Tonight, I’m going to hold a conference to warn about the disappearance of the monkeys.
The monkeys could disappear from the planet in twenty-five to fifty years if nothing is done.
According to a study, 60% of primate species are endangered due to human activities. 75% of the populations are already declining.
A Japanese macaque is taking a bath in a hot spring in the town of Yamanouchi, Japan.
The monkeys are our closest cousins, and yet we watch them die slowly. Worse, we are leading them to their loss, at a pace and scale never equaled. In a study published in Science Advances on Wednesday January 18th, thirty-one international primatologists are drawing an alarming picture: if nothing is done to quickly reduce human pressures on primates and their habitats, we will witness mass extinctions of these emblematic animals within twenty-five to fifty years.
Combining the International Union for Conservation of Nature (IUCN) Red List of Threatened Species, the existing scientific literature and United Nations databases, Alejandro Estrada, from the National Autonomous University of Mexico, and its Colleagues conducted a mega-analysis of the status, threats and conservation efforts of the five hundred and four species of primates in the world, from the powerful gorillas to the fragile lemurs to orangutans, chimpanzees and other bonobos.
The results of this study, the largest ever conducted to date, are instructive: scientists estimate that 60% of monkey species are in danger of extinction due to human activities, and 75% of the populations are already declining . Four out of six great ape species are only one step away from extinction, according to the latest IUCN update in September. These animals that are essential to ecosystems - they contribute to the maintenance and regeneration of forests by dispersing seeds in particular - also play a central role in the culture, traditions and even the economy of the territories they occupy.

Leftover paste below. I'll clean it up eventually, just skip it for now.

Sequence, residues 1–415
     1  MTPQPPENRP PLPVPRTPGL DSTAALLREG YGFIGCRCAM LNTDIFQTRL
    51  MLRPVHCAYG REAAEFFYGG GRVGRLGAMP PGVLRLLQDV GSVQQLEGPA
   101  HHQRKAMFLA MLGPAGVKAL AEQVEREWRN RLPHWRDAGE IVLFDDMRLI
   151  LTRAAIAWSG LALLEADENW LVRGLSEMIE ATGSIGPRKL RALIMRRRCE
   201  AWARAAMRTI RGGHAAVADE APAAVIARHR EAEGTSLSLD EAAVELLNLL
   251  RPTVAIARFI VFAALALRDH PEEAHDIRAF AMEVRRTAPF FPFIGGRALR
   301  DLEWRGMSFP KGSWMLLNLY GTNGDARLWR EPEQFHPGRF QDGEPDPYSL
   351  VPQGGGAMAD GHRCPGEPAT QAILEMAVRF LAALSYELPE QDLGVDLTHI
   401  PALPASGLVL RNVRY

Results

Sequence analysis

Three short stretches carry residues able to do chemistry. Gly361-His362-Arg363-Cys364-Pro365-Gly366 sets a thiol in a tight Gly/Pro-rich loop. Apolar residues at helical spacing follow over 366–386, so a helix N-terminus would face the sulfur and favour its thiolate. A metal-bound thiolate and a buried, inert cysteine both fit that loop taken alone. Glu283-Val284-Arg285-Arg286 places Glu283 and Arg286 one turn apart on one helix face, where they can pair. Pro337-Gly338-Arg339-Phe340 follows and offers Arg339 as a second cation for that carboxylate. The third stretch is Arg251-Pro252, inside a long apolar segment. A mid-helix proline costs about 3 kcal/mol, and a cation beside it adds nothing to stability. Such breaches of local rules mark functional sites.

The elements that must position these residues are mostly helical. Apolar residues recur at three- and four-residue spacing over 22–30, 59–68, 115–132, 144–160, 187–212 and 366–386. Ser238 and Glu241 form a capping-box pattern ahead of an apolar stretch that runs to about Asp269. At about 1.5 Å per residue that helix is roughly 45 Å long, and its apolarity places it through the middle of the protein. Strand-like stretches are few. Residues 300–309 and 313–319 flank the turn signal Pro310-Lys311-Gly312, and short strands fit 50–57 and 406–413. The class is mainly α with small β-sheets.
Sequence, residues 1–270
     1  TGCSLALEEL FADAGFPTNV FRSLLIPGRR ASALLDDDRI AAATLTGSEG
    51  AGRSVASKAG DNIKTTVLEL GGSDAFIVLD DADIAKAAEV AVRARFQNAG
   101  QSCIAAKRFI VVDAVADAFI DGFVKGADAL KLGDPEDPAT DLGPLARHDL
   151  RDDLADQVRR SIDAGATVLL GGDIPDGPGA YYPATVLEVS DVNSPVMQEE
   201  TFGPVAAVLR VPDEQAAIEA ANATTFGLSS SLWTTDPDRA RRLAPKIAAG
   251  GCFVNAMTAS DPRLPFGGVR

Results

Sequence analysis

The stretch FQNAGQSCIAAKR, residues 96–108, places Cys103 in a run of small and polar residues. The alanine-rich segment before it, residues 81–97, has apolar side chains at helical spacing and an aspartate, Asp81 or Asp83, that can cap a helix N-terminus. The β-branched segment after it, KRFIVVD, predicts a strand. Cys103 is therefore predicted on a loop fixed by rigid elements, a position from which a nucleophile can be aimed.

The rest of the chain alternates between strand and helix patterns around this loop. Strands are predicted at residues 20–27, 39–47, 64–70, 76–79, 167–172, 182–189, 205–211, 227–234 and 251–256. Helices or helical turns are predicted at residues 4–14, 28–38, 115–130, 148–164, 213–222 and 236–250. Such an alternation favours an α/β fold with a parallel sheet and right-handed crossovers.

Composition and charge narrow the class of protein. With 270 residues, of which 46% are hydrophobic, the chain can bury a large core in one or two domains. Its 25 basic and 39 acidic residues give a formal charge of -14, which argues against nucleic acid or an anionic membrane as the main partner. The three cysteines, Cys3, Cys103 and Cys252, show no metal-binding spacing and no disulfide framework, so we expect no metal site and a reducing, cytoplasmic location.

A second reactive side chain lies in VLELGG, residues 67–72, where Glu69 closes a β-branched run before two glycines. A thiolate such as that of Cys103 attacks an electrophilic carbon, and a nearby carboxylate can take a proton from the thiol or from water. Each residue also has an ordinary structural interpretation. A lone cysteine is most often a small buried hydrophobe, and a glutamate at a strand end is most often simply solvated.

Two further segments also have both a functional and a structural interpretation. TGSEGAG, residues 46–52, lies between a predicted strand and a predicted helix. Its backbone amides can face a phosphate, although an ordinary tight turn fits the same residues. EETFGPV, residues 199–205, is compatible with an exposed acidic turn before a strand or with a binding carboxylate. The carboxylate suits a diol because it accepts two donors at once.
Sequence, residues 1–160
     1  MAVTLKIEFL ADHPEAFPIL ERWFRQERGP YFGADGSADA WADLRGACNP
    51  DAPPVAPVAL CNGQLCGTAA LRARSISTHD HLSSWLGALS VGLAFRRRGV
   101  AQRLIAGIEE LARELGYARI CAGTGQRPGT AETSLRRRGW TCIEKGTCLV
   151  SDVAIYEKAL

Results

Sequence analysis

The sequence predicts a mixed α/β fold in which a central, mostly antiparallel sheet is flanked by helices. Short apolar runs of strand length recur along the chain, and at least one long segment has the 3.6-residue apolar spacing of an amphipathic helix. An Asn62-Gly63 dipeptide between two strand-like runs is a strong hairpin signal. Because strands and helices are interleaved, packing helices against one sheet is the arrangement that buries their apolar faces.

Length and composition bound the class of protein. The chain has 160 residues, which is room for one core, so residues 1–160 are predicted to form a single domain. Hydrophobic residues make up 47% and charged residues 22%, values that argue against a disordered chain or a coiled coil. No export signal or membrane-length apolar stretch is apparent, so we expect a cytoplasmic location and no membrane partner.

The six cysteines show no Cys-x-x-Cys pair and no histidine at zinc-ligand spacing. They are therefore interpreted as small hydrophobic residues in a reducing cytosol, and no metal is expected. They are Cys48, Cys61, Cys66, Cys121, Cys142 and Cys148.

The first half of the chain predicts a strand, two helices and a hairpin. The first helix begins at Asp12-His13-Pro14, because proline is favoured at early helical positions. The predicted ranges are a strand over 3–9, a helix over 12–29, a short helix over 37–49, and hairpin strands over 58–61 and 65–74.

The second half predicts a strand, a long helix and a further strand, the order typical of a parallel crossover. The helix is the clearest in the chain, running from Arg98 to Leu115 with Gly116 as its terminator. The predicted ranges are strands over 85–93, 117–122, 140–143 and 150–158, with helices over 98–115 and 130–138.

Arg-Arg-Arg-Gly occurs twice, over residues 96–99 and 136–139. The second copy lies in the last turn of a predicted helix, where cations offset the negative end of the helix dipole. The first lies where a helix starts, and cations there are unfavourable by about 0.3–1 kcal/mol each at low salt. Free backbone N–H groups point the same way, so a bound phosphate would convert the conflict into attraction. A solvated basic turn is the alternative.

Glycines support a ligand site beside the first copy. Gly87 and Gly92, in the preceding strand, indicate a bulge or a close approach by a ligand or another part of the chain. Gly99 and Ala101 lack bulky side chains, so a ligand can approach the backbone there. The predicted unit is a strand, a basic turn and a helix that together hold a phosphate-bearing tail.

Primates, the richest mammal group after rodents and bats, are found in ninety countries in Latin America, Africa and Asia. However, two-thirds are concentrated in the heart of only four states: Brazil, Madagascar, Indonesia and the Democratic Republic of Congo. While the vast majority live in humid tropical forests, monkeys are also living in temperate woodlands, mangroves, savannas, grasslands and even deserts. Everywhere, their lives are in danger: 87% of Madagascar's species are at risk, 73% in Asia, 37% in sub-Saharan Africa and 36% in Latin America.
"This is the eleventh hour for many of these creatures," said Paul Garber, an anthropology professor at the University of Illinois (USA), who co-led the study. Several species, such as the ringed tailed lemur, Udzungwa red colobus in Tanzania, brown rhinopithecus or Grauer's gorilla, only counts a few thousand individuals. In the case of the Hainan gibbon in China, there are even fewer than thirty animals. "
They are facing multiple threats, the weight of which has steadily increased over the years, and which often add up. Monkey habitats disappear under the pressure of agriculture (affecting 76% of the species), forestry (60%), livestock (31%), road and railway construction, drilling Oil and gas and mining operations (2% to 13%). In addition, hunting and poaching directly affect 60% of the species. To this must be added the emerging dangers, such as pollution and climate change.
Borneo orangutans are threatened by the production of palm oil.
The Expansion of agriculture, the first threat.
The frantic demand for agricultural products (soybean, palm oil, cane sugar, rice, etc.) and meat has accelerated deforestation in the four corners of the globe, as well as the fragmentation of habitats. Between 1990 and 2010, crops grew by 1.5 million square kilometers (three times the size of France) in areas where primates live, while forest cover declined by 2 million km2.
A fatal evolution to monkeys. The production of palm oil seriously jeopardizes the orangutans of Borneo and Sumatra, which lost 60% of their habitat between 1985 and 2007. The expansion of rubber plantations in southwestern China, has provoked the quasi-extinction of the pale cheek gibbon and the Hainan gibbon. And the future gives little cause for optimism.